Released by the BFI last week, Anthony Nield looks at their Region 2 handling of the latest from Apichatpong Weerasethakul.
In discussing Syndromes and a Century, the fourth solo feature from Thai director Apichatpong Weerasethakul, it is perhaps best to avoid any kind of synopsis or a discussion of its characters and themes in concrete terms. Firstly, this is because the film doesn’t really exist when it comes to plot. There’s no storytelling as such, but rather a series of interconnected and interwoven vignettes that soon become something far greater than the sum or their parts. (The set-up involves two hospitals, one rural and one urban, which may represent the past and the future, or perhaps even exist in parallel.) Secondly – and more importantly – there’s the fact that any kind of straightforward descriptions risks alienating potential audiences. Look at the characters and we find a singing dentist, a monk who once wished of becoming a DJ and another whose sleep is tormented by vivid dreams of chickens exacting their revenge. Look at some of the minor details and we find a solar eclipse, a mass outdoor exercise regime to kitsch Asian pop and a glow-in-the-dark orchid. In other words, it sounds as though Weerasethakul is trying too hard, being wilfully wacky or perhaps striving for some imagined “cult” audience. Yet this really isn’t the case.
Indeed, Syndromes and a Century is one of the most relaxed examples of filmmaking I’ve come across in quite some time, both behind the camera and in front of the lens. The tone appears to have been taken from the moods of its non-professional actors: easy-going, prone to gentle humour, solipsistic even. The opening credits unfold over dialogue that soon gives way to the good-natured chatter of the real-life actors; it’s almost as though Weerasethakul is daring us not to take that which follows too seriously. And yet this isn’t a director taking a cinematic day off – he’s arguably produced his best work to date. The format is very much of a piece with Tropical Malady and Blissfully Yours: films of distinct halves which complement and comment on each other, especially in the occasional casting of the same actors in dual roles (one for each half, or one for each hospital in Syndromes’ case). But the feeling is also that Weerasethakul has moved on. Such games and techniques are now so natural that he can toy with them more overtly or utilise them in stranger, more challenging ways.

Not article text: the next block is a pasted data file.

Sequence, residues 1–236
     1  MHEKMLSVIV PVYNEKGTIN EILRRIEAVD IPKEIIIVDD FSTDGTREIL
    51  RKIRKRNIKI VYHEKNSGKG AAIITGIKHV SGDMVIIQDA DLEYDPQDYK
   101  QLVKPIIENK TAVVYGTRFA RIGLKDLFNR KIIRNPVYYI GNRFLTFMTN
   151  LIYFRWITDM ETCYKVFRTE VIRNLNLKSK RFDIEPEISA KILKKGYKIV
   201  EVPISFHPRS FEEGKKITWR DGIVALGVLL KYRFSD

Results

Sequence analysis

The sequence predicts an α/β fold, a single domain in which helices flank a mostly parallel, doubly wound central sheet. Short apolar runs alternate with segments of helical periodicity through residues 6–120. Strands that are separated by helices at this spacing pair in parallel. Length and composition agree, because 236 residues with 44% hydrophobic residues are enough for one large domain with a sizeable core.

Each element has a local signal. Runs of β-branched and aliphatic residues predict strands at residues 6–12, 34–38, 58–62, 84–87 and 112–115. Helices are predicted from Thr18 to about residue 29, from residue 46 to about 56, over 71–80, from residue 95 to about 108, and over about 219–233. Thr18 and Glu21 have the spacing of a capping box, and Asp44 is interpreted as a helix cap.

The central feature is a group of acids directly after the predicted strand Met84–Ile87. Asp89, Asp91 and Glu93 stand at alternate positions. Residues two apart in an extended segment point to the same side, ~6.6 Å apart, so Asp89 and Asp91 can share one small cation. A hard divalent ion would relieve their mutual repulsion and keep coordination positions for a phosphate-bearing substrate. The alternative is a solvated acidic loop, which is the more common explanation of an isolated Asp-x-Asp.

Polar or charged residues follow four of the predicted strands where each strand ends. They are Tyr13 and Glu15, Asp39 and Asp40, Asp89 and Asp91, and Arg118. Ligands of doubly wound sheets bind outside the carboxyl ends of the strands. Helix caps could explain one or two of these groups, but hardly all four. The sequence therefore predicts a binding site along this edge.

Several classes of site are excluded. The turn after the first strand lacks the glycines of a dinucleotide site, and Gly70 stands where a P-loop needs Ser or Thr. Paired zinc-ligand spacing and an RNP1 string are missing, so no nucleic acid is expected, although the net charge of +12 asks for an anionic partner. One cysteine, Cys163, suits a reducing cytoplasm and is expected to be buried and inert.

It’s a cliché to say, but Syndromes and a Century is genuinely dreamlike. Comparisons have been made to David Lynch, which almost always smacks of lazy journalistic shorthand, but here they prove mostly true. As elusive as the hints of romance peppered throughout, the film feels as though it is escaping the viewer as it progresses rather than becoming easier to pin down. As said, we’re not getting a solid narrative, but sly nods and possible clues, charming little rhymes, digressions both beautiful and inconsequential. The central contrast between the events in the two hospitals that provides the framework is often merely that: something on which to hang hints of past lives and folk tales, studies in space and light and architecture (Weerasethakul’s first calling), reminiscences of childhood. In many ways you simply have to go with it and let the various ideas take hold.